Overreaction to Outside Pressure Puts Vermont Yankee Safety Culture Into Question
In an long delayed effort to prove to Vermont legislators that they are taking action to correct leakage of mildly radioactive water into the ground under the buildings that house Vermont Yankee, Energy as announced that they have disciplined 11 senior employees, five of whom have been removed from their positions and placed on administrative leave. In response to that action, the Nuclear Regulatory Commission has decided to issue a Demand for Information which will require company representatives to testify under oath in response to questions about the plant operation and the information that has been provided to the NRC in relation to the tritium leaks.
If the potential consequences of the situation were not so serious, I would be enjoying a cynical chuckle at the way that seemingly smart people can royally screw things up.
A colleague of mine used to keep a sign over his stateroom door that said:
“There is no sense reacting if you cannot overreact.”
It was an ironic commentary; Mike was actually a very calm person who was very difficult to perturb. He was exactly the kind of leader that we all liked to have on our team; when the stuff was hitting the fan or the smoke was filling a compartment, he would calmly step through his carefully considered actions to solve the crisis. One of the keys to his success was the fact that he was always on the lookout for clues that something was not quite right – that allowed him to take action early to avoid what could easily turn into a crisis without an early response.
I learned a lot by watching and trying to emulate Mike; when I arrived on that boat, I was one of those bright young fellows who had not yet failed at anything. People who have regularly succeeded without much testing can be dangerous – they do not learn the importance of calm response in the inevitable crises that will occur eventually.
It is important for me to state this upfront so there is no misunderstanding – I strongly support the continued operation of Vermont Yankee. It has been a reliable supplier of emission free electricity for nearly four decades and with proper maintenance there is essentially no technical limit to the length of time it can continue to keep producing what is probably the most important manufactured commodity in modern society.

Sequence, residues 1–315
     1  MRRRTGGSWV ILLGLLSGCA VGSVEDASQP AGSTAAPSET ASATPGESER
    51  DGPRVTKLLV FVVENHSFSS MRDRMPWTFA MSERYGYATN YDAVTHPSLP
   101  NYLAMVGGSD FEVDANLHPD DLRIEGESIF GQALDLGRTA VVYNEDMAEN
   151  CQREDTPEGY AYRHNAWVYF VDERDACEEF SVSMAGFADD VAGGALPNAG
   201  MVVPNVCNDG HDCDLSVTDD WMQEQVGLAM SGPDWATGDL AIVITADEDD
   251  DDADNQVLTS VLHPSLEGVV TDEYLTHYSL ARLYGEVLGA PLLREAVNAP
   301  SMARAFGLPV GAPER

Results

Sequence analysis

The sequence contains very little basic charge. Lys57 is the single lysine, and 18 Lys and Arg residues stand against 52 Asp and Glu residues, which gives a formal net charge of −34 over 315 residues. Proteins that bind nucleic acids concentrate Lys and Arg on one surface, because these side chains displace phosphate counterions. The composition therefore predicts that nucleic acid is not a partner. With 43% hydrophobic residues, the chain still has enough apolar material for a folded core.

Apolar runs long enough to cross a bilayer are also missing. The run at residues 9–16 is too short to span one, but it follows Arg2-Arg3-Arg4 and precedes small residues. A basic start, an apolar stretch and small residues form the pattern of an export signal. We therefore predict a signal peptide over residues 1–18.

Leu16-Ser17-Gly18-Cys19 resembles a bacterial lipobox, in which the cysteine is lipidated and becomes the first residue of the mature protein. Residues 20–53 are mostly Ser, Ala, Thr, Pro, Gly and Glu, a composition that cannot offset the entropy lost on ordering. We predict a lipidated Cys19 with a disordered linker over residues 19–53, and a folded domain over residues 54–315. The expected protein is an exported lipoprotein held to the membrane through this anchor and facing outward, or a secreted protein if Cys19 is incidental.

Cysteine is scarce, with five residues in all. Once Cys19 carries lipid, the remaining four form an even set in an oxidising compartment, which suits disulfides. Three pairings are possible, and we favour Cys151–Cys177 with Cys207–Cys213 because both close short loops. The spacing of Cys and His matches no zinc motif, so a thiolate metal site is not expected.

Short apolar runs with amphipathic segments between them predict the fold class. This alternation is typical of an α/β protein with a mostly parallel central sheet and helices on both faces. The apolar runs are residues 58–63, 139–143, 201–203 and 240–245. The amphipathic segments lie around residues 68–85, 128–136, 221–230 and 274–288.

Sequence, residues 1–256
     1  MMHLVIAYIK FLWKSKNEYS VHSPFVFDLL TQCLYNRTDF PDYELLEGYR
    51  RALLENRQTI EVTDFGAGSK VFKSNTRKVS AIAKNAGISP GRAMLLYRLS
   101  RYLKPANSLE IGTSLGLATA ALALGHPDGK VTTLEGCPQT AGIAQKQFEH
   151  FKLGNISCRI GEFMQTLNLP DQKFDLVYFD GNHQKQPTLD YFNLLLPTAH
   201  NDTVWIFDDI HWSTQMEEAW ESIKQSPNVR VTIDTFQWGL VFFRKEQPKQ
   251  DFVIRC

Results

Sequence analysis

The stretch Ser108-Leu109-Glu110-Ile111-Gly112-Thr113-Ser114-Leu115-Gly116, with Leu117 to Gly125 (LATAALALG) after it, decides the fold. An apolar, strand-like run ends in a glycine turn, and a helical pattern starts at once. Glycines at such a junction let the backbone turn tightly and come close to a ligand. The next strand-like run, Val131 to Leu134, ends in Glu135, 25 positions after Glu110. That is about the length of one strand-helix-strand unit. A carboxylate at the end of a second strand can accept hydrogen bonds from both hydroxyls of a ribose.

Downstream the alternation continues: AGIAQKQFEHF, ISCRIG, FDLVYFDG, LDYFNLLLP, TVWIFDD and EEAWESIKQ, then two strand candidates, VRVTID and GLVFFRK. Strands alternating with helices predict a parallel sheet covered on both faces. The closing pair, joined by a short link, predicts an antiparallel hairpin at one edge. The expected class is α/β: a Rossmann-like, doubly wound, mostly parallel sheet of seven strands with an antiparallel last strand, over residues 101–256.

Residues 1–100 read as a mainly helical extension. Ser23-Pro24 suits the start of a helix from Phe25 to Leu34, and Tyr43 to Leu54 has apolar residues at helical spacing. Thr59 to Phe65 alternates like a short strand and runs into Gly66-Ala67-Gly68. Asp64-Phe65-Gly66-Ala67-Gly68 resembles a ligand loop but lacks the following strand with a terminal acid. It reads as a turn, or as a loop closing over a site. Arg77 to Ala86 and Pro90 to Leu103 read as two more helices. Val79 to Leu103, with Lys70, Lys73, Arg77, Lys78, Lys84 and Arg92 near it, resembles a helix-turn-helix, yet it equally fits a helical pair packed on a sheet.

That said, it has become clear to me that the corporate leaders at Entergy have proven that they never served with a guy like Mike and never learned that taking early actions to prevent problems works a hell of a lot better than massive overreaction once it finally becomes apparent to everyone that action is required. Panic at the top never works – it destroys the confidence of the people that have to work steadily to fight a fire, correct public perception, or respond to outright attacks that threaten ship (or plant) survival.
When I first read about the NRC’s decision to issue the Demand for Information, I thought that the regulators were bowing to overblown media and political attention to a very minor issue – the amount of tritium in the ground under Vermont Yankee is no threat to anyone’s health and never will be. After thinking more about the situation and doing as much research as is possible for a guy who is several hundred miles away from plant and also has a pretty demanding full time job, I realized that the NRC has valid grounds for concern. Though the staff knows that the tritium is not a public health concern, they also know that 11 senior people at one of their licensed plants have been disciplined or removed from their position.
That upheaval in the work force that ensures daily safe operation causes legitimate questions about the talent and experience of the replacements for the people on administrative leave and about the effect on future performance of the six people who have received reprimands and financial consequences even after the investigation conducted by an outside organization
“. . .did not find that any Entergy Nuclear Vermont Yankee employees intentionally misled the Vermont Public Service Board, the Department of Public Service, a Public Oversight Panel assessing the plant’s reliability as part of its application for renewal of its operating license, or a contracting firm working for the panel, Nuclear Safety Associates.”
There is even a legitimate concern for the overall safety culture at the plant – after all, without visiting the plant and talking to employees it is hard to determine how they feel about the way that some of their colleagues are being treated.
At my current organization, we have a saying for what happens when a fall guy gets chosen to take the blame for what is often a systemic issue or one whose root cause can be traced to a “bullet-proof” decision maker – “He got thrown under the bus”.
I have not yet met any of the employees at Vermont Yankee, and I am just projecting my own response here, but I can imagine getting quite spun up if I saw one of my colleagues taking the hit for doing something innocuous like telling an investigator that there are no buried pipes carrying radioactive fluids even if he knew that there are pipes in trenches that are below ground level that carry air and non condensible gases from an “off-gas” system.